He scored once. He also played more than 22 minutes, which led all Lightning players on the night. That included time on the power play and penalty kill. If he was looking to make a favorable impression, to show that he belongs at the NHL level when the regular season begins, this seems to be another step in that direction.
“You watch this kid skate, shoot, stickhandle, he’s got NHL written all over him,” Tampa Bay’s associate coach Rick Bowness told the Tampa Bay Times. “Now we’ve got to give him experience. How much can he handle?”
There is competition on the blue line, with eight defensemen under contract in Tampa Bay for this season. That includes Sergachev, who is still only 19 years old. After getting sent back to junior last season, he recorded 43 points in 50 games with Windsor and then won the Memorial Cup that spring. That said, he’s made it a point of saying going back to junior “is not an option” for him.
Looking to make the leap: Mikhail Sergachev
Joffrey Lupul issued a statement Wednesday, saying he wouldn’t seek a second medical opinion after the Maple Leafs announced he didn’t pass his training camp physical.
A day later, reports have surfaced that the 33-year-old forward will, in fact, undergo another, independent medical test.
That is according to James Mirtle of The Athletic:
Earlier this week, Lupul made accusations against the Maple Leafs on Instagram.
“I’m ready … just awaiting the call,” Lupul wrote in the comments section of the Instagram post, per a screen grab. “haha failed physical? They cheat. Everyone lets them.”
Lupul, who didn’t pass his physical for a second year in a row, issued an apology yesterday. But those comments — which have since been deleted — seem to have grabbed the attention of the league.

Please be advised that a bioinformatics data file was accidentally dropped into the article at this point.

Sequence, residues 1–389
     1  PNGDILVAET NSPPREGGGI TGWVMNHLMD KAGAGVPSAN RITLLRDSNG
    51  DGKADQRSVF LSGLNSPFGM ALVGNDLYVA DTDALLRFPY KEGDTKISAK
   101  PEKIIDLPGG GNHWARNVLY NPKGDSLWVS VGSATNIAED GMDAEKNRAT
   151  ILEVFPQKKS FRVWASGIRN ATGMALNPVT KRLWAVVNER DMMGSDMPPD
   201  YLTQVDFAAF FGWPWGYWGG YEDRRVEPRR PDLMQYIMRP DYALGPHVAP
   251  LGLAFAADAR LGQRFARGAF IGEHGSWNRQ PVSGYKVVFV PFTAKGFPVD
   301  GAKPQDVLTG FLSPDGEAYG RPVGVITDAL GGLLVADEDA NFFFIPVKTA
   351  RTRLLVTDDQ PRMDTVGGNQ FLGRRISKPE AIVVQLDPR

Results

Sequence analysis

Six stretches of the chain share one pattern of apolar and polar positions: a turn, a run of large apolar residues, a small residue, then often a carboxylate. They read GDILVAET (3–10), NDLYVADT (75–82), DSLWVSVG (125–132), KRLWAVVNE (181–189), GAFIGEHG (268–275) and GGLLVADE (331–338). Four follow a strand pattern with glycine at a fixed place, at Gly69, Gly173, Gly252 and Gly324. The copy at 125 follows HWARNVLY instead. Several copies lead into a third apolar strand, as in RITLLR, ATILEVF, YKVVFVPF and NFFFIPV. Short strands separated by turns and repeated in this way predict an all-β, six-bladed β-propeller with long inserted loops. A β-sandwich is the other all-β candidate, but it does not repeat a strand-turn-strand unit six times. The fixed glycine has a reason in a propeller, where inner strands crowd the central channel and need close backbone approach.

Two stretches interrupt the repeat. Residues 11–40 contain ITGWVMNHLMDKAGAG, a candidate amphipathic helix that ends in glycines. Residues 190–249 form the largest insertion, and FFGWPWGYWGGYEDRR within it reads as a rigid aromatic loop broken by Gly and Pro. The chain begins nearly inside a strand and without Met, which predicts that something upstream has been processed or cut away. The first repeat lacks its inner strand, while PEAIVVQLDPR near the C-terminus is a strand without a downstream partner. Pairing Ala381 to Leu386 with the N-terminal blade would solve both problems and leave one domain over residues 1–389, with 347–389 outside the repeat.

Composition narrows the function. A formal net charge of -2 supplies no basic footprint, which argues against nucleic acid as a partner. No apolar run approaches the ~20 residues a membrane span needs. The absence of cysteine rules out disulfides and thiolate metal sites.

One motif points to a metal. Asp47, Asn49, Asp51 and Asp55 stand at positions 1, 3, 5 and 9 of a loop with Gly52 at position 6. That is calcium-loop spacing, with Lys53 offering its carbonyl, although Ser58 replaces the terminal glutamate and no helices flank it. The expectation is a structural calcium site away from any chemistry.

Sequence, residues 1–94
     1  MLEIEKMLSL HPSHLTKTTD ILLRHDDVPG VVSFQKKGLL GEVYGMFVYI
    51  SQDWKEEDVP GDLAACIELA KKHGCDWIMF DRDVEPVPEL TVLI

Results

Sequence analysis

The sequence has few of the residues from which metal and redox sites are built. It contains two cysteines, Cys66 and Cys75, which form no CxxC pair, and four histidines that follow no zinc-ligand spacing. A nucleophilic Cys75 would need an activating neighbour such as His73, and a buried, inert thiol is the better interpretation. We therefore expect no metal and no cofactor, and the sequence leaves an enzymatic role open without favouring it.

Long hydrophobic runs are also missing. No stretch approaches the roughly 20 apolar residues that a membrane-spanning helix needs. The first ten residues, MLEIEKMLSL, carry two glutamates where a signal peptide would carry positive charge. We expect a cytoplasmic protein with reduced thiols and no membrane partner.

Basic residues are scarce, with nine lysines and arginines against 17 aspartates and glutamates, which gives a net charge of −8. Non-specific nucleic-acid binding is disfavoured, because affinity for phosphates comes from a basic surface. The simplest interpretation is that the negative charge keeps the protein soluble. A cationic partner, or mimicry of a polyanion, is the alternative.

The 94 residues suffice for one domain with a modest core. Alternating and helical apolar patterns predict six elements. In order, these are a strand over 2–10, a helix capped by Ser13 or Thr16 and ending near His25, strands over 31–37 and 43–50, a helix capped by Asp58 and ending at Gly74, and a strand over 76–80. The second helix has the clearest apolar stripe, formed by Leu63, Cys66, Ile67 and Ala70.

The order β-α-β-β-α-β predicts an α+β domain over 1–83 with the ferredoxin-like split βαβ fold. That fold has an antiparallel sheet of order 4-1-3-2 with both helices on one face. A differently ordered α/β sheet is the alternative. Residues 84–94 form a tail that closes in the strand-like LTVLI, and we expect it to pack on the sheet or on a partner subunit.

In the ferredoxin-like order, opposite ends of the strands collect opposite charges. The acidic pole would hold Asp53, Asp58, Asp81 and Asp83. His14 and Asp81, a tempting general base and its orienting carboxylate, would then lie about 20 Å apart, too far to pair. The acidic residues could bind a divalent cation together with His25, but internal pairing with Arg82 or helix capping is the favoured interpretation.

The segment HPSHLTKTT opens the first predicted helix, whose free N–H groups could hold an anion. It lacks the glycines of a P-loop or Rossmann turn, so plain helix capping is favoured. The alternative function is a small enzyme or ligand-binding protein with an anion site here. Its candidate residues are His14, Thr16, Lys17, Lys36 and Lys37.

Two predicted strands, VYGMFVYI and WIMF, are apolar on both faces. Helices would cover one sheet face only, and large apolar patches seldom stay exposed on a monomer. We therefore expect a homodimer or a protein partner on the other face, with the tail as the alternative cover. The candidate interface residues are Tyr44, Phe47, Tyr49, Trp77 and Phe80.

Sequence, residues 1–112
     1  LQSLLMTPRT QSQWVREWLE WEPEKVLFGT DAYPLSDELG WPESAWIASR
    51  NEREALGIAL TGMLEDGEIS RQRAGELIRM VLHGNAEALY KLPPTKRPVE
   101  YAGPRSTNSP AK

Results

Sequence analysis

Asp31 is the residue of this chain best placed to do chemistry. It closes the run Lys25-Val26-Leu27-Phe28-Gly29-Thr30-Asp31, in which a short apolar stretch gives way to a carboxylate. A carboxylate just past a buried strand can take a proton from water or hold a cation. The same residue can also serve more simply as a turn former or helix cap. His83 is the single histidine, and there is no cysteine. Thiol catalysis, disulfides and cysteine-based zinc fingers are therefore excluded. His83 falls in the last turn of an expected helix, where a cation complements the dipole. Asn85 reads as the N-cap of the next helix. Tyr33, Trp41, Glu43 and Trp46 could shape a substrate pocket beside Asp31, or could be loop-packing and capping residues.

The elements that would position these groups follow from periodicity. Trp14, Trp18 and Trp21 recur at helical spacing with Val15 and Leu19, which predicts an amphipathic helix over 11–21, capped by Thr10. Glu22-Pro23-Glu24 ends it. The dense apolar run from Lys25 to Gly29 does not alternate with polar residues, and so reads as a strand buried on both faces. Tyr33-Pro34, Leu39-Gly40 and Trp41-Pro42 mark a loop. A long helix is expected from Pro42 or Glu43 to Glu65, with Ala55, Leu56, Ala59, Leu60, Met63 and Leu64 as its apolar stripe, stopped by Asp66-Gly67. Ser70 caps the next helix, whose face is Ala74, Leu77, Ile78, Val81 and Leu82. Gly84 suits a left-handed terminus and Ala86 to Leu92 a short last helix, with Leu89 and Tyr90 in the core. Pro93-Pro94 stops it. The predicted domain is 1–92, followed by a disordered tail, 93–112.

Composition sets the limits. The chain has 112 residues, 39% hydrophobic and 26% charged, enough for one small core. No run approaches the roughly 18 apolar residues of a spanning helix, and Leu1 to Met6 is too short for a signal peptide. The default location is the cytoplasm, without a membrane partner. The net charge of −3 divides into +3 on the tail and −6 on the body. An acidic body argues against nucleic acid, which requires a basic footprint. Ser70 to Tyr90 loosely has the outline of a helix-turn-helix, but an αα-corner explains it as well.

Darren Dreger of TSN added to that, saying it’s the NHL pursuing a second medical opinion on this matter.
“The National Hockey League has that right to pursue the second opinion. That’s exactly what they’re engaging in right now,” Dreger reported Thursday.
“The reasoning behind it is because of the comment that Lupul made on social media. I’ll go back a year ago. The league didn’t step in a year ago but Lupul stayed quiet at that point. So they want to make sure — ‘They’ being the National Hockey League — that the medical evaluation from the Toronto Maple Leafs is 100 per cent above the board.”
BUFFALO, N.Y. (AP) General manager Jim Johannson has ruled out the possibility of the U.S. men’s hockey team having NHL draft-eligible prospects competing at the Winter Olympics in February.
Johannson tells The Associated Press he doesn’t view anyone from the 18-and-younger pool of prospects capable of cracking the projected lineup of non-NHL players, many of whom are opening this season playing in Europe.
USA Hockey’s assistant executive director says he’s also targeting a number of established college players, and would not rule out keeping a spot or two open for members of the U.S. team competing at the World Junior Championships this winter.
Johansson spoke in Buffalo, New York, on Thursday, where he is attending USA Hockey’s sixth annual All-American Prospects game. The game features the top 42 U.S.-born players eligible to be selected in the NHL draft in June.